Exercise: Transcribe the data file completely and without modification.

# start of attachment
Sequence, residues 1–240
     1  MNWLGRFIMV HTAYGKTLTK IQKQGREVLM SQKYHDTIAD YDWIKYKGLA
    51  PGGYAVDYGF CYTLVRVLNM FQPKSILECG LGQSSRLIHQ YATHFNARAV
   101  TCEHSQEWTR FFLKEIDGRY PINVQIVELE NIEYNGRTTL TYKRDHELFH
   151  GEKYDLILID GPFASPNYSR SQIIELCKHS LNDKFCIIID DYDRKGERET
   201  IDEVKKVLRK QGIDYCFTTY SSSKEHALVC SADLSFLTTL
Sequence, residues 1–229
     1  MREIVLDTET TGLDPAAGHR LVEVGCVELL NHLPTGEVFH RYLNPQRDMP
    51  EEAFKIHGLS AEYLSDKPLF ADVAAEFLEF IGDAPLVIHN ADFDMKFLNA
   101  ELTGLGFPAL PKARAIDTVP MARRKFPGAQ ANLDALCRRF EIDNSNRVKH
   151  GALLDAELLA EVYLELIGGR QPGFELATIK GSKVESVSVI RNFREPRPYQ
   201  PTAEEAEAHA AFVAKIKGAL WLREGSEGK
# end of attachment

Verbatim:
Sequence, residues 1–240
     1  MNWLGRFIMV HTAYGKTLTK IQKQGREVLM SQKYHDTIAD YDWIKYKGLA
    51  PGGYAVDYGF CYTLVRVLNM FQPKSILECG LGQSSRLIHQ YATHFNARAV
   101  TCEHSQEWTR FFLKEIDGRY PINVQIVELE NIEYNGRTTL TYKRDHELFH
   151  GEKYDLILID GPFASPNYSR SQIIELCKHS LNDKFCIIID DYDRKGERET
   201  IDEVKKVLRK QGIDYCFTTY SSSKEHALVC SADLSFLTTL
Sequence, residues 1–229
     1  MREIVLDTET TGLDPAAGHR LVEVGCVELL NHLPTGEVFH RYLNPQRDMP
    51  EEAFKIHGLS AEYLSDKPLF ADVAAEFLEF IGDAPLVIHN ADFDMKFLNA
   101  ELTGLGFPAL PKARAIDTVP MARRKFPGAQ ANLDALCRRF EIDNSNRVKH
   151  GALLDAELLA EVYLELIGGR QPGFELATIK GSKVESVSVI RNFREPRPYQ
   201  PTAEEAEAHA AFVAKIKGAL WLREGSEGK